Williams and Stephens both recognized as seminal the decision in Bacon. Bacon was convicted of burglary based on his having entered an upstairs room in a rooming house by breaking a window and taken certain articles. A police officer testified that he had also arrested the defendant on two other occasions, once while attempting to burglarize a store by breaking and entering through a rear window, and a second time while trying to remove a window from the back porch of a residence.
The Court of Appeals held that evidence of the independent crimes was admissible under familiar exceptions to the general rule of inadmissibility. Bacon v. State, 85 Ga. App. 630, 632 (2) (70 SE2d 54) (1952). The Georgia Supreme Court reversed, holding that evidence of the other burglaries should not have been admitted under the general rule "that, on a prosecution for a particular crime, evidence which in any manner shows or tends to show that the accused has committed another crime wholly independent from that for which he is on trial, even though it be a crime of the same sort, is irrelevant and inadmissible.' . . . [Cits.]" (Emphasis in original.) Bacon, supra at 262.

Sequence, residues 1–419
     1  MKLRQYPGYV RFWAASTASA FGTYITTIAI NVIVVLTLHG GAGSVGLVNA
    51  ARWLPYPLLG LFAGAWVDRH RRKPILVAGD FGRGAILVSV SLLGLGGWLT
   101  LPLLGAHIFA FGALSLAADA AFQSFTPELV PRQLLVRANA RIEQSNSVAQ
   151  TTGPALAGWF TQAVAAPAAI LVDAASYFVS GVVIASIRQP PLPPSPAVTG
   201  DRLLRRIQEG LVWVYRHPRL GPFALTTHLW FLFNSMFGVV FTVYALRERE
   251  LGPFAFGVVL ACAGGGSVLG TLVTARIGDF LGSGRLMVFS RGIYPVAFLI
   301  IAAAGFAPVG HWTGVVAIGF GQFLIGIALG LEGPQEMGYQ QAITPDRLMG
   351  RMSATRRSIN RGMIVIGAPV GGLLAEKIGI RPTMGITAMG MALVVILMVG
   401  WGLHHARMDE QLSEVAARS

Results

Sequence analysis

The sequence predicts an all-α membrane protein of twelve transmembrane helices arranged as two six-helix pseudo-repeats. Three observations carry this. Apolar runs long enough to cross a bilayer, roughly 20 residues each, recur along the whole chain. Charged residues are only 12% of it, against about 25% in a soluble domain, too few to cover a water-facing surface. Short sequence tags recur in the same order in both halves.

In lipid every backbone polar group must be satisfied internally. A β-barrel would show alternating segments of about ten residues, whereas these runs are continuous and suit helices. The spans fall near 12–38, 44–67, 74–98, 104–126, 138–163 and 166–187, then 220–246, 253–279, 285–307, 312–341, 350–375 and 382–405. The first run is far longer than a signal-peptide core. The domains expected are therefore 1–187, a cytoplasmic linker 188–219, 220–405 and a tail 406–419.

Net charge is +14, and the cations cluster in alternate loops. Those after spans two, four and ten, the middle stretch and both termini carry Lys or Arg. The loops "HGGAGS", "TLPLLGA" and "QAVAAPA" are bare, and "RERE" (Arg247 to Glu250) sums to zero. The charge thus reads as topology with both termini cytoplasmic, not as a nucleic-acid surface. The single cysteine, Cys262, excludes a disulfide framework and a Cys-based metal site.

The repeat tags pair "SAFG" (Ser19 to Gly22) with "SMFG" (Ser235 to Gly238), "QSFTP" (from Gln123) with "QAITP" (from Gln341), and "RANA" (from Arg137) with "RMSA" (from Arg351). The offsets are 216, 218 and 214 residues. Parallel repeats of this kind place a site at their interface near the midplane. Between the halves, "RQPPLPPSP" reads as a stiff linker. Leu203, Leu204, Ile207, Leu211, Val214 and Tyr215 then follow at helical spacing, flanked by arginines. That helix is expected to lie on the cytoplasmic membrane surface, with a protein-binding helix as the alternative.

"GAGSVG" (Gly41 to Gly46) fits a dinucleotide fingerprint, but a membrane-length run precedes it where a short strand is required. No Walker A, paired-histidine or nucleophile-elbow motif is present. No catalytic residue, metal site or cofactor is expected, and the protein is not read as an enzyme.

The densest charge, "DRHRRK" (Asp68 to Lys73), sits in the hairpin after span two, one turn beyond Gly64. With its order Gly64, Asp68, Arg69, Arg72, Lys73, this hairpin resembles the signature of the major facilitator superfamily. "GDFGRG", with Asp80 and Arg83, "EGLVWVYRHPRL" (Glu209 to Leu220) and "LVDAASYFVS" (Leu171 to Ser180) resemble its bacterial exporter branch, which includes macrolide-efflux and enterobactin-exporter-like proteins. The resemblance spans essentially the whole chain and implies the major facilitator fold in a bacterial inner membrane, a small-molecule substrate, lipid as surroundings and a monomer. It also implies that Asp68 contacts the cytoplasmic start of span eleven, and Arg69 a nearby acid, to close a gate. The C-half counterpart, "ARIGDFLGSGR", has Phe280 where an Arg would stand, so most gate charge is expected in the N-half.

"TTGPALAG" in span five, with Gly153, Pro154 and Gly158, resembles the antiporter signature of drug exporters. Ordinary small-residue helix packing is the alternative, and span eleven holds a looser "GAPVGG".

The Supreme Court held that "[w]hile other offenses shown by the evidence objected to were of the same sort as the one for which the defendant was on trial, this did not render the evidence admissible, for they were wholly independent, separate and distinct. [Cit.] There was absolutely no logical connection between them and the case on trial, as required . . . before such evidence would be admissible for the purpose of showing intent. [Cits.] . . . [C]riminal intent is an essential element in every crime where criminal negligence is not involved . . . and to hold . . . that evidence of other offenses is always admissible to show intent, whether or not there be any logical connection between them and the case on trial, would be to abolish the general rule, and to establish the exception as the general rule without any exception thereto." Id. at 263-264.